Figure 4. Hierarchical cluster analysis of MapMan BIN enrichment. The percentage of up- and down-regulated genes in each MapMan BIN was calculated based on the mean fold changes from all three replicate experiments. After log transformation of the data, median centered percentages were normalized and hierarchical clustering analysis (HCA) was performed using the complete linkage algorithm of the program Cluster v2.11 (Eisen et al., 1998 – www.eisenlab.org) and the results were visualized using Maple Tree (http://mapletree.sourceforge.net/). Color intensity correlates with degree of increase (yellow) and decrease (blue) relative to the BIN mean of all samples, while gray corresponds to 0% regulated genes in the MapMan BINs. Bgh, Blumeria graminis f.sp. hordei; Cg, Colletotrichum graminicola; Um, Ustilago maydis; hpi, hours post infection. Amino acids are abbreviated by three letter code; aro-aa, aromatic amino acids; bc-aa, branched-chain amino acids; BS, biosynthesis; Deg, degradation; OPPP, oxidative pentose phosphate pathway.
During early post-penetration biotrophy (Bgh 24hpi and Cg 36hpi), the most pronounced changes in metabolite contents had occurred in the accumulation of most free amino acids (see Figure 3B and Table 2) as well as by decreased contents of phosphorylated intermediates of starch and sucrose biosynthesis (see Figure 3B). While between 8 and 19% of genes annotated to central carbon metabolism and between 12 and 53% of genes annotated to amino acid biosynthesis are up-regulated at 24hpi after Bgh infection, most of these MapMan BINs are not regulated at all at 36hpi after Cg infection (Table 3), demonstrating that although both early post-penetration situations exhibit similar metabolite changes, transcriptional regulation of the corresponding metabolic pathways is utterly different. Likewise, the samples attributed to established biotrophy (Um 48hpi and Bgh 96hpi) were refined by PCA based on concomitant changes in phosphorylated intermediates of central carbon metabolism (see Figure 3B). In addition, the contents of the glycolytic intermediate PEP, and the Calvin cycle intermediates 3-PGA and F16bP (which are predominantly localized in the stroma in illuminated leaves, see Gerhardt et al., 1987; Heineke et al., 1994 and Leidreiter et al., 1995) were consistently diminished at 48hpi after Um infection and at 96hpi after Bgh infection (Table 2). MapMan BINs for sucrose and starch biosynthesis, the Calvin cycle, glycolysis, and major amino acid biosynthesis were much stronger deregulated in Um 48hpi than in Bgh 96hpi (highlighted in Table 3), again indicating a sincere difference on the transcriptional level despite similar metabolite changes as revealed by PCA.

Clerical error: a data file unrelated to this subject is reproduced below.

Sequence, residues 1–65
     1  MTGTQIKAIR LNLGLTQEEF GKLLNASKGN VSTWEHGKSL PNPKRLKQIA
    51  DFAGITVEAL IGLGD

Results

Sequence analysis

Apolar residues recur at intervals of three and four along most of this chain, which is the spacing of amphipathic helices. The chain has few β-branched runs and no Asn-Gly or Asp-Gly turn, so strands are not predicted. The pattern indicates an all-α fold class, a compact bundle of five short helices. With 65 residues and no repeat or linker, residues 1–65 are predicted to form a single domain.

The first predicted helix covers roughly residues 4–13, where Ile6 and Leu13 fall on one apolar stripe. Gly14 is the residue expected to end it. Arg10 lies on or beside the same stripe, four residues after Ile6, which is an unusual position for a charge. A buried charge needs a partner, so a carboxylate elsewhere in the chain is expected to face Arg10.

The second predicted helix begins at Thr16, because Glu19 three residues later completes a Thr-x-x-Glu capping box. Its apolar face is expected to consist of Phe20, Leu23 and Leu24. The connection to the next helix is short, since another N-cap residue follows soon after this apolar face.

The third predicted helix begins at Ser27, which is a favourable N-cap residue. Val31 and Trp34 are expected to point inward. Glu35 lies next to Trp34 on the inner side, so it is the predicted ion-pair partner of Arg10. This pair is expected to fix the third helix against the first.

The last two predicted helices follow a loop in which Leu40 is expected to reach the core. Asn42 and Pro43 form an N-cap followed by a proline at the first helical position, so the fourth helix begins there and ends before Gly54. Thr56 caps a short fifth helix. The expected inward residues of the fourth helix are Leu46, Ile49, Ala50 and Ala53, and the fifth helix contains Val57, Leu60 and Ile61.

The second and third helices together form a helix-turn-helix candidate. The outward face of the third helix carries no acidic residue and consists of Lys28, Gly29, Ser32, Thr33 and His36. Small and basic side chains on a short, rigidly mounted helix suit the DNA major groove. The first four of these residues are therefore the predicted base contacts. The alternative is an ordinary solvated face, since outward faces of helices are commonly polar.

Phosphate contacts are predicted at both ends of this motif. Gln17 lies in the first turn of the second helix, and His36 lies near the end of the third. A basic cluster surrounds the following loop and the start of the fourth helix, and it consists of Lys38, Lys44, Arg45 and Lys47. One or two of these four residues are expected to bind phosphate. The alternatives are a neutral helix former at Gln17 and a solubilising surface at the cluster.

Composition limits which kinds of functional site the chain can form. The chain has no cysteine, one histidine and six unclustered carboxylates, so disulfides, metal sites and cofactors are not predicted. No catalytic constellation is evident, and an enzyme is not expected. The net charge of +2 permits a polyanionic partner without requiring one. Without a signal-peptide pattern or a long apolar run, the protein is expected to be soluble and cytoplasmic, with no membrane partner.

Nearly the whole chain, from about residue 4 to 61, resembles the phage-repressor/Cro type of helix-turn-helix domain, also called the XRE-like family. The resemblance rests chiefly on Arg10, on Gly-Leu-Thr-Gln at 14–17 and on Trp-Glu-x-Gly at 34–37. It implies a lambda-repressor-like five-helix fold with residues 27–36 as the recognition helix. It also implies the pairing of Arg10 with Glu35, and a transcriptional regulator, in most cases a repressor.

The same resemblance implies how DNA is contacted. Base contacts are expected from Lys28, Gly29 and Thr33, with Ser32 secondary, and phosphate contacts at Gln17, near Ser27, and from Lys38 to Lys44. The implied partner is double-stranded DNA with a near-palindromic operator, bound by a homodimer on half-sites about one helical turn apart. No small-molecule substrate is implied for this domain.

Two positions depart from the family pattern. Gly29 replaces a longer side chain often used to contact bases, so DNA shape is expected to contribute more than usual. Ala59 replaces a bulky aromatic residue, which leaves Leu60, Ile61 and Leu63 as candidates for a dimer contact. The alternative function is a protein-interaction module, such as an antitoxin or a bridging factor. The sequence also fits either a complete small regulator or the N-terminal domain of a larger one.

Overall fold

To evaluate whether a more global transcriptome analysis would result in a similar outcome compared to the focused analysis of transcripts involved in central metabolism, we matched all features on the Barley1 and the maize Affymetrix arrays via the corresponding gene annotations deposited at PlexDB4. An HCA employing features with fold change >2 from the whole transcriptome dataset resulted in a different sample parsing than in the previous analysis employing data categorized into MapMan BINs. Mostly, clustering of samples occurred predominantly according to pathosystems, irrespective, whether only the previously analyzed samples were clustered or whether all available samples were used for the computation (Figure 5). Similar results were obtained when barley and maize genes were matched based on their closest homolog in rice (not shown). Although we still cannot rule out that part of the clustering is influenced by artifacts arising from matching the array annotations, the fact that Cg and Bgh samples form one cluster in the full transcriptome HCAs (Figure 5A) argues against a strong influence by such misinterpretations. At the bottom line, no infection stage specific clustering could be observed when transcriptome data were analyzed.
Figure 5. Hierarchical cluster analysis of whole transcriptome data. (A) HCA for the timepoints analyzed in this report. (B) HCA for all timepoints sampled. Barley and maize Affymetrix data were matched via PlexDB (www.plexDB.org) as described in the methods section and the mean transcript fold changes of infected vs. mock samples were calculated based on all three replicate experiments and were subsequently used for HCA. After log transformation of the data, median centered data were normalized and hierarchical clustering analysis (HCA) was performed using the complete linkage algorithm of the program Cluster v2.11 (Eisen et al., 1998 – www.eisenlab.org) and the results were visualized using Maple Tree (http://mapletree.sourceforge.net/). Bgh, Blumeria graminis f.sp. hordei; Cg, Colletotrichum graminicola; Um, Ustilago maydis; hpi, hours post infection.
Identification of Metabolic Genes Regulated in Response to Fungal Infection